What is Boxer?
He’s not a pugilist.
He’s not a breed of dog, at least not in a traditional sense.
So just what is Pacific’s mascot, Boxer?
Boxer Fever gets a little contagious in Forest Grove in the fall. The sports season is underway, with football back on the gridiron to defend its conference co-champion title. Spirit days turn campus red and black each Friday. And Homecoming and Family Weekend are both right around the corner with festivities for everyone.
But maybe you need a little crash course in Boxer lore.
Boxer is a qilin, a mythical Chinese creature, sometimes considered a dragon-dog, represented in statue form. The statue was picked up by Rev. J.E. Walker, who was serving as a missionary in China in the late 1800s, and his mother later donated it to the university. Originally named “College Spirit,” the statue stood in the chapel for several years before a student group got the idea to swipe it and claim it as the mascot of their class.
That act, in 1899, created a tradition of student groups stealing the statue from each other. They’d announce that it was going to appear, stage an elaborate display (it’s appeared from the back of a trunk, from a helicopter, and in lots of other creative ways), then students — mostly male, mostly members of Greek organizations on campus — would, good-naturedly, fight for possession.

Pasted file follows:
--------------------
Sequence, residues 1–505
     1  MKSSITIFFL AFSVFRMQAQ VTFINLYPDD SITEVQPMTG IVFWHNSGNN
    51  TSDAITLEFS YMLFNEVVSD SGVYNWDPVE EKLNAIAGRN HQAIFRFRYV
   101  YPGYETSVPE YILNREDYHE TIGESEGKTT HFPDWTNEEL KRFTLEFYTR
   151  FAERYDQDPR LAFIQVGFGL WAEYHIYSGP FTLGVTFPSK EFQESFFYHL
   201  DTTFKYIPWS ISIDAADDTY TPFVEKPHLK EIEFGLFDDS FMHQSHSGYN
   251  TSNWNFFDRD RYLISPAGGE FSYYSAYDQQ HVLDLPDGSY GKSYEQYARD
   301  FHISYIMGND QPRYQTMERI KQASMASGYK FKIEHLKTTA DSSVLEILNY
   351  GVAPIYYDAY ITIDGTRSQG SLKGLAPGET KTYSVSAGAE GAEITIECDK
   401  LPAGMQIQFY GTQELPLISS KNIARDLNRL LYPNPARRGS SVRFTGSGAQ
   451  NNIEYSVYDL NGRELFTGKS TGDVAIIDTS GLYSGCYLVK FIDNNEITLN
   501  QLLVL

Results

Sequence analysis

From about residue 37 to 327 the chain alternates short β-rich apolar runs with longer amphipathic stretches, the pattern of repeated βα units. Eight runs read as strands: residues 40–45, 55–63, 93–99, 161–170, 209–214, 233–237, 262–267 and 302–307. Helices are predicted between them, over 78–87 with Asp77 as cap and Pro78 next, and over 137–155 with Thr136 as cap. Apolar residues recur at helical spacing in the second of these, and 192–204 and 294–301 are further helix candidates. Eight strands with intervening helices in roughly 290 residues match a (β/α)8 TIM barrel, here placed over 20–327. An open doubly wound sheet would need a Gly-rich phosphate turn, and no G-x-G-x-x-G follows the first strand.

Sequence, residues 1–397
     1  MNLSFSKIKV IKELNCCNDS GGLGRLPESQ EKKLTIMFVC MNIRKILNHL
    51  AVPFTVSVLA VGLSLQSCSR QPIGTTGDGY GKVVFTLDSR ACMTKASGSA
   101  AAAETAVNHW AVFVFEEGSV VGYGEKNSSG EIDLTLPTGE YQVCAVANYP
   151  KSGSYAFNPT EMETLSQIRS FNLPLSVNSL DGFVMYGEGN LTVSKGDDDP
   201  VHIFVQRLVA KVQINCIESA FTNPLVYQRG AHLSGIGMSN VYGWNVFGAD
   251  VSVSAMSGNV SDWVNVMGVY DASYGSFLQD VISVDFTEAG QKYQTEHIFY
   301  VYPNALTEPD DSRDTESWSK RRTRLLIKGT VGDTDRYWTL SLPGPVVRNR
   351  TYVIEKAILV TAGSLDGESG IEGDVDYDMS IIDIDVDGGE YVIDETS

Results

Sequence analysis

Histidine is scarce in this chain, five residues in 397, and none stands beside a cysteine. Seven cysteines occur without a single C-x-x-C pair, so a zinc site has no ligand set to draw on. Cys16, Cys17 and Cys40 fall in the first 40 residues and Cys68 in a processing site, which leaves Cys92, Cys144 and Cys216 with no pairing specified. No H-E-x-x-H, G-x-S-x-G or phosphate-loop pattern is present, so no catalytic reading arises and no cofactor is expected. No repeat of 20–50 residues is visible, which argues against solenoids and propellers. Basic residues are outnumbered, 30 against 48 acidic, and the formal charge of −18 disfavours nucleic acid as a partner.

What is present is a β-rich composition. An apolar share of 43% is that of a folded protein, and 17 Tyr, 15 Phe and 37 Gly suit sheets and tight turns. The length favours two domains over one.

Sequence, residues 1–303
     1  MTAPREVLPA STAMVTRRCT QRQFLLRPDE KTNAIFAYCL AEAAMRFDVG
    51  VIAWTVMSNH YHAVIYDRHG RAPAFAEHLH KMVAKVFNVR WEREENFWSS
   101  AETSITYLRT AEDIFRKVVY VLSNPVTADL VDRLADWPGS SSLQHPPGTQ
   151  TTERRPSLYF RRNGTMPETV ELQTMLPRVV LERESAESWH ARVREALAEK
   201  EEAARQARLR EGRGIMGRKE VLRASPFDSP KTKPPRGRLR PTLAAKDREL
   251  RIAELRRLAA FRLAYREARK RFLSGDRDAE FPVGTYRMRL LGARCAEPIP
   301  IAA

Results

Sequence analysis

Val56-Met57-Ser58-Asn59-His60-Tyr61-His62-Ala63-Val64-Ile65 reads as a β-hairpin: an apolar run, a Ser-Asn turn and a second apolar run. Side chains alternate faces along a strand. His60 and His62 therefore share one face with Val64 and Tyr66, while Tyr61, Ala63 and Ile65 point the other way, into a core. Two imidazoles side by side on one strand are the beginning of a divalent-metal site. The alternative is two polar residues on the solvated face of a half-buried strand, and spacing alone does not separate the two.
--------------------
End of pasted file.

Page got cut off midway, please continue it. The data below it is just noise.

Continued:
The student newspaper, The Index, dubbed the statue “Boxer” in 1908, and the “Boxer flashes” and “Boxer tosses” continued until the late 1960s.
In 1969, the Boxer statue disappeared, apparently for good, though pieces of it have returned over the years. The tail, a hoof and an ear are on display in the Library on the Forest Grove Campus.
Meanwhile, in the 1980s, Boxer II was recast. A few flashes took place with the new statue, but it too has since gone missing.
Though today’s students haven’t seen Boxer in its traditional form, the name and spirit of the mascot remain. There’s a large sculpture of the dragon-dog stands in the residential area of campus, and the camaraderie, inclusiveness and camaraderie it represents lives on.